Many shared mobility operators launch with off-the-shelf solutions only to start internally designing their own vehicles, IOT devices or fleet management software down the track. But it’s rarer to see B2B suppliers becoming operators. Whether they are hardware, IoT or software providers, a handful of them have decided to take the plunge and start shared mobility services of their own.
The recent launch of Vulog’s car-sharing service Leo&Go in Lyon made us want to better understand the motivations, risks and results of such moves. Will suppliers become fierce new competitors to their own operator clients or is it a case of benevolent industry collaboration?
For some suppliers, there has simply been no alternative than to dive into operations themselves.
It’s 2016. The free floating market is still in its infancy, but some pioneers are already working on it. goUrban, whose ultimate goal was to develop a shared mobility platform, was among the first to provide such a free-floating service with 50 mopeds available in Vienna. A batch of Niu mopeds, a do-it-yourself IoT solution built in a garage, and there you go! “We were convinced that the market for our platform solution would be huge, but it was too early and there were no clients! We had to operate our own service, but in the end it has been of great value to develop the best shared mobility platform” explains goUrban’s CEO Jonathan Gleixner.
Similar story with Atom Mobility, who launched one of the first scooter-sharing services in Europe, with 50 scooters in Riga in February 2018. Again, the focus was on developing a shared mobility platform starting with scooters… but the first ever service of this kind had only been launched 5 months earlier in Santa Monica (USA). “Our ridership figures were crazy the first year with more than 10 rides per scooter per day”, remembers Atom’s CEO, Arturs Burnins. “But we knew our service would be short-lived, the only question was: how long would it last?”.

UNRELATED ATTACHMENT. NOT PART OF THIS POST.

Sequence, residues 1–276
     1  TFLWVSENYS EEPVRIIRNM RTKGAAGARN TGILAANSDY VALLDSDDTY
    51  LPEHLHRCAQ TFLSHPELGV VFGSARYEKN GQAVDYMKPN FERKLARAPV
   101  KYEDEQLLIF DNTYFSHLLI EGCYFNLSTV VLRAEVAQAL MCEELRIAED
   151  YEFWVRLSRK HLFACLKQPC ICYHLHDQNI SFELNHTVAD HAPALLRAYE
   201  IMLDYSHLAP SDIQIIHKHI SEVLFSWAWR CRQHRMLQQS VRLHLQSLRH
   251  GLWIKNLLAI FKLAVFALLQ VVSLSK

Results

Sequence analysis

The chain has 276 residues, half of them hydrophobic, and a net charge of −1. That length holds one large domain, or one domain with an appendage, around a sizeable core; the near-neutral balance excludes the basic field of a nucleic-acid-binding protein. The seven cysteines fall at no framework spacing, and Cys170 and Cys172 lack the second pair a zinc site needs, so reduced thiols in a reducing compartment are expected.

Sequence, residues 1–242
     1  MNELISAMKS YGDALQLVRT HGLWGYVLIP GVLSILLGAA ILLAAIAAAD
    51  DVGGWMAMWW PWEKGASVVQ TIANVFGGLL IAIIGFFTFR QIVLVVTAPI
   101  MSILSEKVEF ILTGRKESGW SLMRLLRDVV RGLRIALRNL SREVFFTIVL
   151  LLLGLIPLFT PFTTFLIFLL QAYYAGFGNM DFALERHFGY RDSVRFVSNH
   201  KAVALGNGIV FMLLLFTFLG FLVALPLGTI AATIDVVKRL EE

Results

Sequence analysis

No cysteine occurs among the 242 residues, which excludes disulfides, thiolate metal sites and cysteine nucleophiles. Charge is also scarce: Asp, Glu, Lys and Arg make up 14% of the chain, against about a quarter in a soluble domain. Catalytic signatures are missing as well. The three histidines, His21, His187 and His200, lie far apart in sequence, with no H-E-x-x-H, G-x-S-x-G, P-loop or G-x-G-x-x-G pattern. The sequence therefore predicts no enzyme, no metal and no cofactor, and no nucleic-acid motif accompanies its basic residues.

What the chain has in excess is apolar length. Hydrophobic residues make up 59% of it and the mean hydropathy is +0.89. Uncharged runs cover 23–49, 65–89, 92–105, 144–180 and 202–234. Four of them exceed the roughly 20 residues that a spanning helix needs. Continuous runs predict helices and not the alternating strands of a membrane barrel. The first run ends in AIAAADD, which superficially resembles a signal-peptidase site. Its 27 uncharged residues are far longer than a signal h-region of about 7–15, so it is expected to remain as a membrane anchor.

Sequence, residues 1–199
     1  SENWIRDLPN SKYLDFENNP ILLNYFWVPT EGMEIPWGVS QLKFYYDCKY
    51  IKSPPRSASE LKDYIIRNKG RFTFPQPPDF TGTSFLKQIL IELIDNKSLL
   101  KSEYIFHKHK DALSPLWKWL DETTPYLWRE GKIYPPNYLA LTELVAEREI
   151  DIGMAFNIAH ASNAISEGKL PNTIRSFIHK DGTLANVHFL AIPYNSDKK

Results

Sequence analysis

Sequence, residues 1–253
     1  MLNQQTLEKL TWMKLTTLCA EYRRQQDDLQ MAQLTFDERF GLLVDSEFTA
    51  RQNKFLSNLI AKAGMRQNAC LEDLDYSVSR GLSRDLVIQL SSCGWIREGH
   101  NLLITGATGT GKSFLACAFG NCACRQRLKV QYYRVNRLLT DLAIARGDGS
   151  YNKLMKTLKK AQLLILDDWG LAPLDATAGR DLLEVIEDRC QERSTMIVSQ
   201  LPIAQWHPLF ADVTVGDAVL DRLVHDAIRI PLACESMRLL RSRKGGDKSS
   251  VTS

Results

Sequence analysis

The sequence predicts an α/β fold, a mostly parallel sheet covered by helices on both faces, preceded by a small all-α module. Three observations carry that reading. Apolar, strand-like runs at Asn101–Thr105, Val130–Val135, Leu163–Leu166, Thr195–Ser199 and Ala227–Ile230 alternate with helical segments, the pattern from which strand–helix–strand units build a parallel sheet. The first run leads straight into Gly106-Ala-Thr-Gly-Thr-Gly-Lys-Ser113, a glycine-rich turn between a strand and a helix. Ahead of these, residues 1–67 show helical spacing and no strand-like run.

For goUrban and Atom Mobility, it was not even a choice to operate a service, but a requirement as they developed their solutions when the shared mobility market was almost non-existent. It gave both of the companies a specific mindset, focused on understanding customers’ needs and answering them with the appropriate tools.
Leading by Example
For some software and tech companies, launching into shared micromobility operations is more about solving major drawbacks related to shared scooters services and raising industry standards.
As a leading Software and IoT supplier for car-sharing services, Vulog felt a responsibility to stimulate market growth. Leo&Go, the service they recently launched in Lyon (France), has therefore two goals, according to Vulog’s CEO Grégory Ducongé: “We have to demonstrate that our newest technology is able to sweep away the fears related to car-sharing, which is still suffering from bad past experiences” (a reference to Bolloré’s failure with Bluecar). “Leo&Go should demonstrate its financial benefits in practice, thanks to the latest hardware and software developments. We lead by example, showing potential operators that it is possible!”.
From 2014 to 2019, Comodule became the IoT supplier of choice for light electric vehicles, connecting more than 200,000 vehicles to date. The next step was to embed the IoT device during vehicle assembly, which proved impossible with Chinese suppliers, so in mid-2019 they decided to develop a state-of-the-art scooter in-house. Comodule’s own technical specifications were for highly integrated IoT devices, a focus on safety and comfort, and challenging socio-environmental goals (scooters, produced in Estonia, must have a 5-year lifespan). The question then arose of how to offer the solution to the largest number. Here is the answer from Comodule’s CEO Kristjan Maruste: “We decided to launch our service Tuul in Tallinn (EE), in May 2020, as a unique service that would prove the benefits of our technology and scooter design. The final goal is to change the industry’s mindset from a short-term vision aimed at attracting VCs to a long-term vision allowing the development of real sustainable services”.
Vulog and Comodule are on the same page: their services are one-off projects, and there is no will to develop them as a core activity. “Leo&Go is an R&D tool and a showcase for our solution. There is no point for us to launch elsewhere, the only potential evolution could be to add utility vehicles to address new usages” confirms Grégory Ducongé. Same story with Comodule: “The only evolution of Tuul could be to add the Co-Cycle, our own e-bike designed for sharing, along with the Co-Scooter fleet”.
Skipping the Middle-Man